The Australian brings news that the copy of Magna Carta on display in Parliament House isn’t as valuable as first thought.
The ink-on-vellum document displayed at Canberra’s Parliament House had been valued at $40 million in 2002.
But the Department of Parliamentary Services confirmed the document was now worth $15 million.
The so-called Inspeximus issue of the document was written in 1297 and is one of only four of the final versions of the historic charter surviving.
What value something you can’t/won’t sell? Surely the insured value is the only relevant one anyway?
Then again the our terror laws would have been unthinkable even in the dark ages (this one was written in 1297) so perhaps it is time to flog it off?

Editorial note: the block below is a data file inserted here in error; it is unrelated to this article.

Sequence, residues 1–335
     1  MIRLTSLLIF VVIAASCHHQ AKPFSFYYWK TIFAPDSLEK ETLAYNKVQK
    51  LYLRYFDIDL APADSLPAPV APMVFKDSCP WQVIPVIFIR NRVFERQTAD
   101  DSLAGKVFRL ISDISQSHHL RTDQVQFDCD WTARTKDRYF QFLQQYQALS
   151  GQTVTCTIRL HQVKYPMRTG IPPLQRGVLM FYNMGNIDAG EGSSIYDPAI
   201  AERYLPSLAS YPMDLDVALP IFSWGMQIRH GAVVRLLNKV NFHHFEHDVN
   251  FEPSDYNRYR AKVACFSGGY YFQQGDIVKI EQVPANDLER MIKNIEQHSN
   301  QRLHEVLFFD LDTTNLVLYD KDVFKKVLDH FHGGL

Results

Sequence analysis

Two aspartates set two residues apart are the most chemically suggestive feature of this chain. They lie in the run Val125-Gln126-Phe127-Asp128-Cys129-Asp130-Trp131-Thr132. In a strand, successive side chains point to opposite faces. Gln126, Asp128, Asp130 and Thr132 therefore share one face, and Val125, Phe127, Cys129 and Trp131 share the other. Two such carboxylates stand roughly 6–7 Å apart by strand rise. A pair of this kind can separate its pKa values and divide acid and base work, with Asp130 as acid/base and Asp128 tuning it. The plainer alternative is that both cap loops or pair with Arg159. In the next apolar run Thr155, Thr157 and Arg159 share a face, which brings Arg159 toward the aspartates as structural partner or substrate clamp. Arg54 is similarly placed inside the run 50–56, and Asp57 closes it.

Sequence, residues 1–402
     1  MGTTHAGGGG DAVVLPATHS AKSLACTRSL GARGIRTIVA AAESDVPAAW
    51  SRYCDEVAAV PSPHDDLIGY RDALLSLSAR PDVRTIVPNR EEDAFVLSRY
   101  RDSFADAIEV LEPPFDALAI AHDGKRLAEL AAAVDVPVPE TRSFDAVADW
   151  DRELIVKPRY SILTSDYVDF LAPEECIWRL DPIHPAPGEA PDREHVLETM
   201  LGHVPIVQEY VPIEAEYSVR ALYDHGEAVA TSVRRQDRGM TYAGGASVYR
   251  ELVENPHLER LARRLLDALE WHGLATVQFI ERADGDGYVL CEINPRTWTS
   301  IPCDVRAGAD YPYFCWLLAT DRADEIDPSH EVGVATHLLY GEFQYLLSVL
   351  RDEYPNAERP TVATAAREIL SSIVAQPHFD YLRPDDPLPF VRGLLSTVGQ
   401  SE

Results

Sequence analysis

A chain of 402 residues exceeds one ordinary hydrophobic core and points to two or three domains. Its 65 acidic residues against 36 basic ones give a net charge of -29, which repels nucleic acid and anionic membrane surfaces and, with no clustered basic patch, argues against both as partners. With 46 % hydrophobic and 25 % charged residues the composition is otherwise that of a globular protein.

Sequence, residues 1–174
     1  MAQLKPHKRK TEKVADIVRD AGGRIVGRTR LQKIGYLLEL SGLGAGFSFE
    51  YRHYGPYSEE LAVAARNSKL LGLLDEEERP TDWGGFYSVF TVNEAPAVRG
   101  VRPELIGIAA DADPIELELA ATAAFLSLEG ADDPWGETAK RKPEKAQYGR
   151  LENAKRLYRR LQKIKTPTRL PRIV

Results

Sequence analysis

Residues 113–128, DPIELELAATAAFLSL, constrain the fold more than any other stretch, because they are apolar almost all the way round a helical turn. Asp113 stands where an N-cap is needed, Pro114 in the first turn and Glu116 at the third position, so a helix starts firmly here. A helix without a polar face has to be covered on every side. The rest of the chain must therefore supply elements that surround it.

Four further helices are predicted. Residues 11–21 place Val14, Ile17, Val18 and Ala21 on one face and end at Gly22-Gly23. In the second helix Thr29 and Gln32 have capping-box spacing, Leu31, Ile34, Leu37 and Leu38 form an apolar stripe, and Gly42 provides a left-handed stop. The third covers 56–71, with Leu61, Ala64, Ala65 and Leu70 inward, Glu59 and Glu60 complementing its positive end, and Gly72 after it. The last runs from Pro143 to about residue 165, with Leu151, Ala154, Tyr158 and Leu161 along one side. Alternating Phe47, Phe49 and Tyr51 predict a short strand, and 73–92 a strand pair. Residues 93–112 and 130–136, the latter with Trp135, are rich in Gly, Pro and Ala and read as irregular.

In any event what’s in the document is much more important than the dollar value of it.
For those who are interested the Wikipedia has a decent round-up of the document’s historical perspective. The US Government Archives have an English translation of our version. The critical passage being this one:
29] No Freeman shall be taken, or imprisoned, or be disseised of his Freehold, or Liberties, or free Customs, or be outlawed, or exiled, or any otherwise destroyed; nor will we pass upon him, nor condemn him, but by lawful Judgment of his Peers, or by the Law of the Land. We will sell to no man, we will not deny or defer to any man either Justice or Right.
UPDATED: The SMH has coverage of the story (again neglecting the contents) here.